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      Contrast Sensitivity of Thyroid Associated Ophthalmopathy Patients without Obvious Optic Neuropathy

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          Abstract

          Purpose. To compare the contrast sensitivity levels of thyroid associated ophthalmopathy (TAO) patients without obvious optic neuropathy with those of healthy people. Methods. Forty eyes of 20 TAO patients without dysthyroid optic neuropathy and 40 eyes of 20 healthy subjects were evaluated in this prospective case-controlled study. The contrast sensitivity functions (CSFs) of all subjects were measured by the functional acuity contrast test (FACT) in five frequencies which were 1,5 cpd (A), 3 cpd (B), 6 cpd (C), 12 cpd (D), and 18 cpd (E). Results were compared for both groups, and a correlation of CSF with Hertel and clinical activity scores was assessed. Results. There was no statistically significant difference between TAO patients and control groups for age and sex. TAO patients had lower levels than the control group in all the frequencies of CSFs ( P < 0.05) and the difference in contrast sensitivity functions between the groups seems to be more significant in higher frequencies (B, C, D, and E) ( P < 0.001). Conclusions. TAO patients without DON can have contrast sensitivity loss and this would probably imply subtle optic nerve dysfunction in early disease phase.

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          Most cited references26

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          Test-retest reliability of the CSV-1000 contrast test and its relationship to glaucoma therapy.

          To determine the relationship between changes in contrast sensitivity, if any, after glaucoma therapy and the test-retest reliability of the CSV-1000 contrast sensitivity test. Patients with primary open angle glaucoma (N = 16) were retrospectively evaluated to determine changes in visual function, as measured by contrast sensitivity, after beta-blocker therapy. A control group (N = 24) of normally sighted patients was tested and retested on contrast sensitivity. For the control group, the coefficients of repeatability (95% confidence interval for test-retest variability [COR]) were calculated for each spatial frequency. The CORs were compared to the changes in vision found after therapy in the patients with glaucoma. The group with glaucoma showed a significant improvement (P < .01) in contrast sensitivity at all spatial frequencies. The test-retest variance for normals, as measured by the COR, was smaller than the mean differences in contrast sensitivity before and after therapy at all spatial frequencies, expect 18 cyc/deg. Visual function in patients with glaucoma, as measured by contrast sensitivity, does improve after beta-blocker therapy. Further, the CSV-1000 is a clinically reliable tool for monitoring these changes.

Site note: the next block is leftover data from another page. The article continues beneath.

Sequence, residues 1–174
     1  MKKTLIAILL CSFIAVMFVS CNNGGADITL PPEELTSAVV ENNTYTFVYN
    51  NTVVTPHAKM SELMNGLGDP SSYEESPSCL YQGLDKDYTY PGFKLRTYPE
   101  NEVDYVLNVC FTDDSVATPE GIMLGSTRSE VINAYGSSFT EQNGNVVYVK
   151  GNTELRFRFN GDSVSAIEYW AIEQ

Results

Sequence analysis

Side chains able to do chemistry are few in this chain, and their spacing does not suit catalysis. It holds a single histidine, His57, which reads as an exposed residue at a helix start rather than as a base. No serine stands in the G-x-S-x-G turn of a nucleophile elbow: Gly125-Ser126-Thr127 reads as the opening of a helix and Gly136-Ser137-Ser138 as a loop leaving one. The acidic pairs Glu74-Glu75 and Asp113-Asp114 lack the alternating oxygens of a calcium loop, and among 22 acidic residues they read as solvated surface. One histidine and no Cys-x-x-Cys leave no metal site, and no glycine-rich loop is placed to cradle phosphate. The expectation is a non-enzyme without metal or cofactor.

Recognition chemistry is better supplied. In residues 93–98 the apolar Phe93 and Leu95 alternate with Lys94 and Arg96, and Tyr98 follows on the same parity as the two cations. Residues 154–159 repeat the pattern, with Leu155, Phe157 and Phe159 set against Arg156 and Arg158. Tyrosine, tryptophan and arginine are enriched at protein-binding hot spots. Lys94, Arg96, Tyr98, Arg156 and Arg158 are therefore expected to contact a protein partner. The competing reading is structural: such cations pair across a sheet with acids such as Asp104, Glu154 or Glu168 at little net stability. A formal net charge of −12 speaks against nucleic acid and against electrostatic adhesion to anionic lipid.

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            Dysthyroid optic neuropathy. The crowded orbital apex syndrome.